Sunday, 26 February 2017

Which Brilliant Ideas Are Far Less Widely Known Than They Ought To Be?


It's a great question which a friend and I were discussing over a group dinner Friday night. I can offer plenty of suggestions to whet your appetite; there are numerous ideas that would enrich people's understanding of everyday societal matters that are not currently captured with enough depth to do so. Examples would be things like comparative advantage, that which is seen and unseen, deadweight costs, Coase's theorem, Chesterton's fence and the concept of the invisible hand. Then there are absolutely life-changing ideas such as Aumann's Agreement Theorem and Harsanyi's Amnesia Principle that bear repeating regularly to get them as widely disseminated as possible. All of those ideas make an appearance in this blog from time to time.

However, the idea I'll pick as the idea of choice in response to this blog post's title will be Arrow's Theorem, as a tribute to Kenneth Arrow who died this week. He was, up until a few days ago, one of the greatest living economists. Arrow's Theorem is not the easiest to describe simplistically because it is mathematically dense, and is quite counterintuitive too (I had a go once before using voting as the illustrative template). In fact, past reading of economics has given me the impression that several economist social commentators have described Arrow's Theorem as the hardest complex idea to simplify for a layperson. I'll have a try with a version I typed up yesterday in the hope that you find it both understandable and intriguing.

To do so, let's discuss my favourite dessert - cheesecake. What I'm going to illustrate is that no democratic system, however fair it appears in terms of participants and number of choices, can satisfy all the axioms associated with the preferences. So for example, if there are three, then: if two are satisfied the third must be violated, whether those two are 1 and 2, 2 and 3, or 1 and 3.

Let's illustrate this. Every day, Julie, Frank and Timothy split a cheesecake with one flavour - Chocolate, Strawberries or Lemon. Their preference orderings change from day to day - some days Julie is in the mood for Strawberries, other days the very thought of Strawberries makes her wish she was eating another flavoured cheesecake. Every evening at dinner time they have to call in their first, second and third choice cheesecake orders (let's say the cheesecake patisserie insists that you specify your second and third choices in case they run out of something.) So Julie, Frank and Timothy need a method for translating their individual preferences to a cheesecake order. Now as it happens, on the 22nd on February, their preferences ran as follows:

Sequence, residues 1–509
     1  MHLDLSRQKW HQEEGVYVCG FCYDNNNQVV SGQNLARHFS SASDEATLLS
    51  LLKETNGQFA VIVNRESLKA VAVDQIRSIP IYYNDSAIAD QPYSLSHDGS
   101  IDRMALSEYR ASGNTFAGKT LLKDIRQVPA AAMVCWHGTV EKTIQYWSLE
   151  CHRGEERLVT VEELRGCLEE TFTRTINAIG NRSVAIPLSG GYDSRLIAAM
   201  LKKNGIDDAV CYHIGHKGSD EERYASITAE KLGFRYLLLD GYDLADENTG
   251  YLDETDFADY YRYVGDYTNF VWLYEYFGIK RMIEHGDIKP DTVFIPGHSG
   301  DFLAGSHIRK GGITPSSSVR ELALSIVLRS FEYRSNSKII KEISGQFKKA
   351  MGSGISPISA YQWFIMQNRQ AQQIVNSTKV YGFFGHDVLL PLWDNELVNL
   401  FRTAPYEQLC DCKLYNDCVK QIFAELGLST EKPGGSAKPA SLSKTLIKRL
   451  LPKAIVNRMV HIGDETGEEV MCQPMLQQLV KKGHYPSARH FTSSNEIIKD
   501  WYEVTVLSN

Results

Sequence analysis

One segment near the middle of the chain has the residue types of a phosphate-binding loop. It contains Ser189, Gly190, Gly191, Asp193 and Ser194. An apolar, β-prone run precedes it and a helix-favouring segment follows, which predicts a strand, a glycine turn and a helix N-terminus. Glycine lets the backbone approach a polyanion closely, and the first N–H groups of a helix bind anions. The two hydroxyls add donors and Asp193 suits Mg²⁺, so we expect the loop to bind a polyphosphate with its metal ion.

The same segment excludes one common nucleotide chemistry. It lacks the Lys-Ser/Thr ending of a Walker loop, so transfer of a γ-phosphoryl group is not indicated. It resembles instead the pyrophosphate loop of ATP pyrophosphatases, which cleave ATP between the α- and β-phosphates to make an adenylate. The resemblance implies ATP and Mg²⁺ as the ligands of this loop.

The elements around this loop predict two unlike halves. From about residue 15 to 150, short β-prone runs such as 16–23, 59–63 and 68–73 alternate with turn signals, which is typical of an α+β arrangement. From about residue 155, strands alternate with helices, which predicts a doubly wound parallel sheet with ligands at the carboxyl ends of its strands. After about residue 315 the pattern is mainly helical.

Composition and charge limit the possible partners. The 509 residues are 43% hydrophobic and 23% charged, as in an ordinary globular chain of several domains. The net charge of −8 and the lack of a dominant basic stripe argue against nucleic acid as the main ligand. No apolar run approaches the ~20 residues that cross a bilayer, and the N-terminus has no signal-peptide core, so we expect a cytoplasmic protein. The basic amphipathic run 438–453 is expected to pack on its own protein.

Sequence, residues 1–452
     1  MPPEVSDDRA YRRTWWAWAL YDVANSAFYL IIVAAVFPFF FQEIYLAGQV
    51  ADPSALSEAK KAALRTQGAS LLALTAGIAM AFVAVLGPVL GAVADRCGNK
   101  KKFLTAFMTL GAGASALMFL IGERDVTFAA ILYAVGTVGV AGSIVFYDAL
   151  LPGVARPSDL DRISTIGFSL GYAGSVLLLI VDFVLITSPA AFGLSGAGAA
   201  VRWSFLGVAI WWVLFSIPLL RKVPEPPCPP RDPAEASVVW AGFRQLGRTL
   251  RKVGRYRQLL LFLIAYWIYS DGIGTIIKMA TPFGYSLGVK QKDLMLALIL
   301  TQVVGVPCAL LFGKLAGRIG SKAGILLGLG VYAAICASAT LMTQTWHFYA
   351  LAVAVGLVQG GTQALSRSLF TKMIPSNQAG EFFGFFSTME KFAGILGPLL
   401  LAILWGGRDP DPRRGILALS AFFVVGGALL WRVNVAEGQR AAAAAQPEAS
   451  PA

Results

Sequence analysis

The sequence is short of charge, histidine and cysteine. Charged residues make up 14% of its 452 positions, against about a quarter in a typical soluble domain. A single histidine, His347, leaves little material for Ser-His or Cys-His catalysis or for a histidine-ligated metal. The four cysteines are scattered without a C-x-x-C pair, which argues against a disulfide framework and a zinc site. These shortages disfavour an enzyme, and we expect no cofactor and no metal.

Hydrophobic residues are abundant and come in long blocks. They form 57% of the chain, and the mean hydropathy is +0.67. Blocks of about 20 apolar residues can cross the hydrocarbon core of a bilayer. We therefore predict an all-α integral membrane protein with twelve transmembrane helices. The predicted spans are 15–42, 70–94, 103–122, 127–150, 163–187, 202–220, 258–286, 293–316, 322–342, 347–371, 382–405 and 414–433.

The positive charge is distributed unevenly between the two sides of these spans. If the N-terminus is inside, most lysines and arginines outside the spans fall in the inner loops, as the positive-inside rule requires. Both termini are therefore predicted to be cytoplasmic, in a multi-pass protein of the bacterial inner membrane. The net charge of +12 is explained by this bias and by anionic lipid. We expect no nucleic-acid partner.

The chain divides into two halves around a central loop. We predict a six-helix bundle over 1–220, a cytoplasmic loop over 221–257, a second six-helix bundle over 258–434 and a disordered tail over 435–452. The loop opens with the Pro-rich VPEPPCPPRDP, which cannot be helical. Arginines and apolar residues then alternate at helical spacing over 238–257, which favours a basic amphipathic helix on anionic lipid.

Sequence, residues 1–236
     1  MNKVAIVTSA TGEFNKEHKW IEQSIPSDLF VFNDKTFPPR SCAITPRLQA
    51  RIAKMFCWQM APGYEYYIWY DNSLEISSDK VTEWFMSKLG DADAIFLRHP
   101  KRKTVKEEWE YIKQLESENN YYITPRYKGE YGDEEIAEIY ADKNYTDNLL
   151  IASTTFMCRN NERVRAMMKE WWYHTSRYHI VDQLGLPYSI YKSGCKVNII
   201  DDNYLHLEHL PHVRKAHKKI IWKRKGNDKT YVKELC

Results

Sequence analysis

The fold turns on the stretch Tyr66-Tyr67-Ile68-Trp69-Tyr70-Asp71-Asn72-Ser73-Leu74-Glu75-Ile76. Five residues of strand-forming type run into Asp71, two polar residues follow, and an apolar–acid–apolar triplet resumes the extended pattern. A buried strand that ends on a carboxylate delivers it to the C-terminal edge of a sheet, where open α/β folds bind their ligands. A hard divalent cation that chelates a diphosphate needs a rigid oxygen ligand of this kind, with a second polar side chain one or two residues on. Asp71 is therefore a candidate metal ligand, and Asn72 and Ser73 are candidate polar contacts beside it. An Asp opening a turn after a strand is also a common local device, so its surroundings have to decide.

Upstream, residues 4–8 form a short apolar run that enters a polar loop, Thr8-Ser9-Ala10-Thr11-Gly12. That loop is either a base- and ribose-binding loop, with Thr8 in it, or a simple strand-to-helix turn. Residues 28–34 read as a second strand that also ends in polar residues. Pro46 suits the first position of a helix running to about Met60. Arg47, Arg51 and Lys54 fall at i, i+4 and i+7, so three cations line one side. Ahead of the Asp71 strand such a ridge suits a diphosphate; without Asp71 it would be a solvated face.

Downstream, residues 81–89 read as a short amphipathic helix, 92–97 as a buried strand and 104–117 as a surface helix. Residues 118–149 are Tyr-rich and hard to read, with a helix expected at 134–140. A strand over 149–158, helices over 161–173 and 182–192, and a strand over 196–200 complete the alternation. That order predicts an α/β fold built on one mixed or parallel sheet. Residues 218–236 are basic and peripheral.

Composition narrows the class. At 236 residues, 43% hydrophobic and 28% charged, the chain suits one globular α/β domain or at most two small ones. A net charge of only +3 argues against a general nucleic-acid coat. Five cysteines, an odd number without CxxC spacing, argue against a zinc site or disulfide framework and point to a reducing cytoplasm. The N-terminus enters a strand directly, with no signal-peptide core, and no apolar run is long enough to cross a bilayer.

Julie
Frank
Timothy
First Choice
Chocolate
Strawberries
Lemon
Second Choice
Strawberries
Lemon
Chocolate
Third Choice
Lemon
Chocolate
Strawberries


I’m not going to divulge what system these three were using to determine their order, but I will tell you that on the 22nd they phoned the patisserie and expressed Chocolate as their first choice. On the 23rd, Julie ranked Chocolate over Lemon again (and let's suppose we don’t know anything about Frank’s or Timothy’s rankings). On the 22nd, only Julie ranked Chocolate over Lemon, whereas on the 23rd, Julie plus possibly one or both of the others ranked Chocolate over Lemon. So if the cheesecake order ranked Chocolate above Lemon on the 22nd, then it should certainly have ranked Chocolate over Lemon on the 23rd, no?

In principle, yes (disallowing for a change of mind for variety - not something that's as likely to happen in political voting). Any other result would have seemed unreasonable to Julie, Frank and Timothy, so when they designed their system, they designed it with the following feature. If we list Chocolate over Lemon on our order on one day, and if none of the people who prefer Chocolate over Lemon change their minds about that the next day, then we should list Chocolate over Lemon the next day as well.

Because this was implicit in their system (and because they’d listed Chocolate over Lemon on the 22nd when only Julie had that preference), they always listed Chocolate over Lemon on any day when Julie preferred Chocolate to Lemon. That is to say, Julie was the principal figure on the Chocolate/Lemon consideration - the 'authoritarian', if you like.